Strong and Wrong

 

Less than 20 years ago, Finance Minister McCreevy, famously proposed that various government departments should decentralise from Dublin – moving over 12,000 out of the capital into 50 locations in every other county. It was a good idea to some. It was politicking at its worst to others. It suited some staffers who salivated at the prospect of returning home. It appalled others who had planted roots. The plans were eventually revoked in failure with less than 2,500 exiting the capital.

In the late 1950s Minister Andrews drastically truncated the national railways and tramways in a cost-cutting exercise. Road transport was to be the government’s plan for the future.

When the M50 was first mooted, it was to be a dual carriageway connecting the Belfast and Galway roads into Dublin. Very soon afterwards, the plan was to make it a two-lane motorway encircling the capital. No sooner was it built – a third lane was needed.

We use these examples not as criticisms but as cautionary cases against holding strong opinions. Decentralisation has effectively happened with over 60% of civil servants now working remotely in non-Dublin settings. Trams are back in Dublin and other railways have re-opened. Today, the M50 only needs two lanes on Friday afternoons when the denizens of South Dublin head for the Wexford coast.

OK! OK! these are extraordinary times; but our point is that holding strong opinions and rigidly adopting a particular stance is not always the best approach. Tolerance and open-mindedness are better virtues. Irish banks will always be a safe bet was a feature of many investment decisions over many decades but not anymore. Interest rates cannot go negative was a strong view of many until it happened. The Romans never conceived of the number zero and their empire failed to survive.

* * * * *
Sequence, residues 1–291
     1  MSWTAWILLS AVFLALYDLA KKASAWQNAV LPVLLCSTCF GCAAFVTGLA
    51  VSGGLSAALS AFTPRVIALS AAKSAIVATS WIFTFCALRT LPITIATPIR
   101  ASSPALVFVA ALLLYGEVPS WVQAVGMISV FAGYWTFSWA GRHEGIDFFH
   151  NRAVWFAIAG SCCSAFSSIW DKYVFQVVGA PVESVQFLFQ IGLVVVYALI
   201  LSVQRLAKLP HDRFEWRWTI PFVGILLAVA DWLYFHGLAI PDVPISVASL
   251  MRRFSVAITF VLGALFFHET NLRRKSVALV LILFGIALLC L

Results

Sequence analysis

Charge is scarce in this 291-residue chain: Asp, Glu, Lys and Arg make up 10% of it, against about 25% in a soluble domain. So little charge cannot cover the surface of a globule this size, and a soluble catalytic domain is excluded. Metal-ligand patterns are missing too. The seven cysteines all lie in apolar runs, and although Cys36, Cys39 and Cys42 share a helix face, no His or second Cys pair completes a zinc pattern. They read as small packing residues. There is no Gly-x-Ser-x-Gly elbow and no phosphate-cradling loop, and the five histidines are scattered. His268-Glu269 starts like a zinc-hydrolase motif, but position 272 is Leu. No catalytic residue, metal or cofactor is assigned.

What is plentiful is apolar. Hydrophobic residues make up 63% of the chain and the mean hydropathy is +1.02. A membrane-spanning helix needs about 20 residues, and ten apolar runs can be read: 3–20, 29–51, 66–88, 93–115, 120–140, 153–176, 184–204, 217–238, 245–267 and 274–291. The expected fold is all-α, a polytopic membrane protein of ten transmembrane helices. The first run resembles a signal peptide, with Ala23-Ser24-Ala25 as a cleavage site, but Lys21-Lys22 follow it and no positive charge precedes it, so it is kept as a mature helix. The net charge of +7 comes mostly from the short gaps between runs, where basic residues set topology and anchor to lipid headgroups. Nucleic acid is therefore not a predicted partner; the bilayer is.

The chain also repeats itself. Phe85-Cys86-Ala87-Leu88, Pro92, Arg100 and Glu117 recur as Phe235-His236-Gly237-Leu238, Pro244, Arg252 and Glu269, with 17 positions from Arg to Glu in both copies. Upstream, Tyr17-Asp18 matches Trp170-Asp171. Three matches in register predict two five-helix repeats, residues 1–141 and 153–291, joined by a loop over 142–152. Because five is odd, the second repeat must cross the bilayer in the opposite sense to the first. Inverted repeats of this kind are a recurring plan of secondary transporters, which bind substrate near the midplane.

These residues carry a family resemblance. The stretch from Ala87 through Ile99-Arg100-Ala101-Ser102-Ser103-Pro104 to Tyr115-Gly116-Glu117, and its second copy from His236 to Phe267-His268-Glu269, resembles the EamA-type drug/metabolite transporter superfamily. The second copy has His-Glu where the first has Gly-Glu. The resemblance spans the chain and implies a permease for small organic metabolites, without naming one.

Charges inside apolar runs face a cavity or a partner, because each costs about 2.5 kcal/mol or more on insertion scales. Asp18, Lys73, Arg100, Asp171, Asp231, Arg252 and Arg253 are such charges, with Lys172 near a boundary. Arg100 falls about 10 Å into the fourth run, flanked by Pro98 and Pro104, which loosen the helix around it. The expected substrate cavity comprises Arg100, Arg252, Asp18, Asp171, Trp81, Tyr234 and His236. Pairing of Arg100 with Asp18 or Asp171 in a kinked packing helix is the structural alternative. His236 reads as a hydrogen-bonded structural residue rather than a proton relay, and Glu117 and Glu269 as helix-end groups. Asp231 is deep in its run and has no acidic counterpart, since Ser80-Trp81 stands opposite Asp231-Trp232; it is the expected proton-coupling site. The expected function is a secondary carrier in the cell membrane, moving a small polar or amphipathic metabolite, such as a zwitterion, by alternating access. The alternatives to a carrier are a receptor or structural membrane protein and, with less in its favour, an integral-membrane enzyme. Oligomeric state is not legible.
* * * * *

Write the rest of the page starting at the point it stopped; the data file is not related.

Even our scientists, purveyor of facts, get it wrong. First there were 94 elements in the periodic table. Well, at least, they were the ones they could see occurring naturally. Then finally in 2000 they declared 113 elements (until they synthesised 5 more since then). Economists don’t do factual stuff but even their theorising undergoes constant revision.

Our fear is that consumers will analyse the current systemic shock and form a strong opinion on how the economy will perform afterwards. We are concerned that human cognitive biases drive us all towards familiar pathways, where we find comfort in apparent confirmation of our beliefs. The financial markets have evolved so much in recent times that it is downright dangerous to examine how people managed after previous crises. The analysis may hold no relevance whatsoever.

Already people are beginning to recognise that face coverings are here to stay. (No doubt, fashionable translucent ones will emerge to suit all tastes!) What’s next? Local pubs opening on alternate nights for younger and older clients? Price differentiation by age? The previously unimaginable could happen. It seems wise to remain flexible and open to change. Strong and wrong is not advisable – bendy and trendy is better.